Subject: Re: PAM
To: None <email@example.com>
From: Chuck Yerkes <firstname.lastname@example.org>
Date: 09/25/2002 21:45:06
Quoting Dan Melomedman (email@example.com):
> Jim Wise wrote:
> > The large number of PAM modules out there, compared to the small number
> > of programs using exec-chaining suggests otherwise.
> Exec chains are used for software packages - they're portable, easy, and
> simple. qmail, qmail-ldap, twoftpd, curier, courier-imap,
> sqwebmail, fgetty, all use these for authentication just to name a few.
> Easy to debug, easy to set up, and run on almost any Unix.
> Can you say the same about PAM? Didn't think so. Who says you can't
> apply the same approach to OS utilities?
And having hacked support for EITHER S/Key OR Challenge
response into telnet (at the time), wuftpd, and several
other tools, it was an big PITA.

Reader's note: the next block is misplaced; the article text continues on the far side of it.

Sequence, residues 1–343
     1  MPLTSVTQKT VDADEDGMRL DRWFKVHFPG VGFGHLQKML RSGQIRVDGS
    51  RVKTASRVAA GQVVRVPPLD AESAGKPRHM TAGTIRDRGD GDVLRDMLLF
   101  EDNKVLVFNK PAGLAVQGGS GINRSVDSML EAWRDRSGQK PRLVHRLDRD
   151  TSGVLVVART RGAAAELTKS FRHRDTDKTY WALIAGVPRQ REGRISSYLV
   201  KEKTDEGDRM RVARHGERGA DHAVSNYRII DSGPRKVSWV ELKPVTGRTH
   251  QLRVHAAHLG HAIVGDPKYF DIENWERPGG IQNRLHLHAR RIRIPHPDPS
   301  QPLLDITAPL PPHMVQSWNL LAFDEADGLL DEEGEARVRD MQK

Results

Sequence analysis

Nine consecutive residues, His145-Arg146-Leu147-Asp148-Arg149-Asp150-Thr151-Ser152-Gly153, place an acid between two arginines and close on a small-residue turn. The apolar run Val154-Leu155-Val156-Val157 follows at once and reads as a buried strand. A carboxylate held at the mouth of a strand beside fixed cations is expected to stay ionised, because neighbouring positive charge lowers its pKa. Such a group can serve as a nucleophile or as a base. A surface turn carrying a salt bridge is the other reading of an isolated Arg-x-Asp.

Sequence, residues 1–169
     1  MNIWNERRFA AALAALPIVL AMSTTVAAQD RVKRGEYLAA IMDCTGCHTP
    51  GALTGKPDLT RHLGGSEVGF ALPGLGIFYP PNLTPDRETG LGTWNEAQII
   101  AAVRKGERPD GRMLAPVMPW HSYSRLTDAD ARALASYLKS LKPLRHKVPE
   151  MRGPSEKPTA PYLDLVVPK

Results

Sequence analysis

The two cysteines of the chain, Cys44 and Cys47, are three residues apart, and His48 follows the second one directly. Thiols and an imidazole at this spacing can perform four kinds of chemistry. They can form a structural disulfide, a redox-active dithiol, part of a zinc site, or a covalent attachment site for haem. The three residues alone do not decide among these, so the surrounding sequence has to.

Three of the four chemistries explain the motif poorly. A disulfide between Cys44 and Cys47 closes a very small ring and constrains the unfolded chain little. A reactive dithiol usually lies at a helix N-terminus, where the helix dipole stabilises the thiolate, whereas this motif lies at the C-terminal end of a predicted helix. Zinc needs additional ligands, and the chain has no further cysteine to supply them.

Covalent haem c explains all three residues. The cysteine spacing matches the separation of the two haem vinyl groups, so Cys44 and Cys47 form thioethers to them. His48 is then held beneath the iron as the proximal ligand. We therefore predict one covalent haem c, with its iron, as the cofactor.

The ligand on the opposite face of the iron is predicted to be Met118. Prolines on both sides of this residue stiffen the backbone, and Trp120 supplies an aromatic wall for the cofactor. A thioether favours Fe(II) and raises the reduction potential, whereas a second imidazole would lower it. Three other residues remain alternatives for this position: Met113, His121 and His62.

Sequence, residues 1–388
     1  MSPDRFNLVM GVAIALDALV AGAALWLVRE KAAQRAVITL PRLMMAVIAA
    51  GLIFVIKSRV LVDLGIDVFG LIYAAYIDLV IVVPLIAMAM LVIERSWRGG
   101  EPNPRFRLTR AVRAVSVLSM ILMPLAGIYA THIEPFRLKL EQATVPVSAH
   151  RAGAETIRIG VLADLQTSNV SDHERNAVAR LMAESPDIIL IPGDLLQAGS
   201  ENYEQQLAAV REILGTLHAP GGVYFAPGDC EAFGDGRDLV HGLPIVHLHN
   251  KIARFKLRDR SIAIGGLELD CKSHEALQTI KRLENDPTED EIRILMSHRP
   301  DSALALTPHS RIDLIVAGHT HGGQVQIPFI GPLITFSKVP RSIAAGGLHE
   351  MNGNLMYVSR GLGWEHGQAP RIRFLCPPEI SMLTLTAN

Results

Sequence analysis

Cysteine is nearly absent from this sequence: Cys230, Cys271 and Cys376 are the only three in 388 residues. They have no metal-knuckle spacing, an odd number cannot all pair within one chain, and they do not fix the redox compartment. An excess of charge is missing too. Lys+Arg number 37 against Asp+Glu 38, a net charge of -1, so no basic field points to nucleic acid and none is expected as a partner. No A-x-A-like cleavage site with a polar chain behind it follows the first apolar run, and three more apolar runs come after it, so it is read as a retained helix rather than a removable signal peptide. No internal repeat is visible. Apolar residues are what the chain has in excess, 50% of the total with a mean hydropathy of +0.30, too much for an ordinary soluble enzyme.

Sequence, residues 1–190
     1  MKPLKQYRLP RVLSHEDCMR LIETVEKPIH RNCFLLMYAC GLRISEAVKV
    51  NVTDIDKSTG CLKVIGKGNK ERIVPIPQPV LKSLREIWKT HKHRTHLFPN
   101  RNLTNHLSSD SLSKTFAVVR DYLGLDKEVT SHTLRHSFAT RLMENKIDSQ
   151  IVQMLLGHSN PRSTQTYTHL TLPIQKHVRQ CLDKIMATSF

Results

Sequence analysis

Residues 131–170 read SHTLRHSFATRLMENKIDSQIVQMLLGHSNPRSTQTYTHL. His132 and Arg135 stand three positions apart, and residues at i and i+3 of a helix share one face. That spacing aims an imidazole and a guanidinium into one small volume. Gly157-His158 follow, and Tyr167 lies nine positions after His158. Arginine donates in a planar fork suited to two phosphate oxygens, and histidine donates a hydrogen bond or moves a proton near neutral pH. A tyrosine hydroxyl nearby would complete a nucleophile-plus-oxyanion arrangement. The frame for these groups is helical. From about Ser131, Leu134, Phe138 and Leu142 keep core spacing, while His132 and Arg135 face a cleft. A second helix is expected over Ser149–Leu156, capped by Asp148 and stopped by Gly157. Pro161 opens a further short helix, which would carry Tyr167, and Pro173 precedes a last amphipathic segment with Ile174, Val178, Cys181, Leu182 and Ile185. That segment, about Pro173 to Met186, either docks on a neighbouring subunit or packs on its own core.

What made sense? As I looked at it, some sort of generic
"authenticate_connection()" routine. Let those routines
make determinations based on:
1) my source address
2) the user I'm coming in as
3) time of day (why not?)
4) service in use.
Whack that into each of these tools?
Well, no. Have it as an OS level thing. If I'm using telnet,
I need to require an auth method that's safe when sniffed.
Telnet doesn't need that. If I'm on the LAN, perhaps I'm ok
with clear passwords (LDAP, NIS, etc). If I'm at the machine,
perhaps my little Sony fingerprint reader would do.
The point is that the apps don't have to have detailed information
about all this. The system does. ftpd offers auth via a
library call, I type in a user name, it looks that up, because
I'm remote it offers a DES challenge key.
Oh, and several of us don't just use one OS. I want something
that works on Solaris, Linux, and BSD.
I've not really had difficulty compiling and using PAM modules.
Are you stuck because you don't understand it in practice?
In code? You're just angry at the concept?
You seem to be challenging it from the perspective of having
glanced at a glossy for how it works and picking at it.
Marshall Rose distrusted X.400 enough that he wrote code for
it and could then effectively critisize it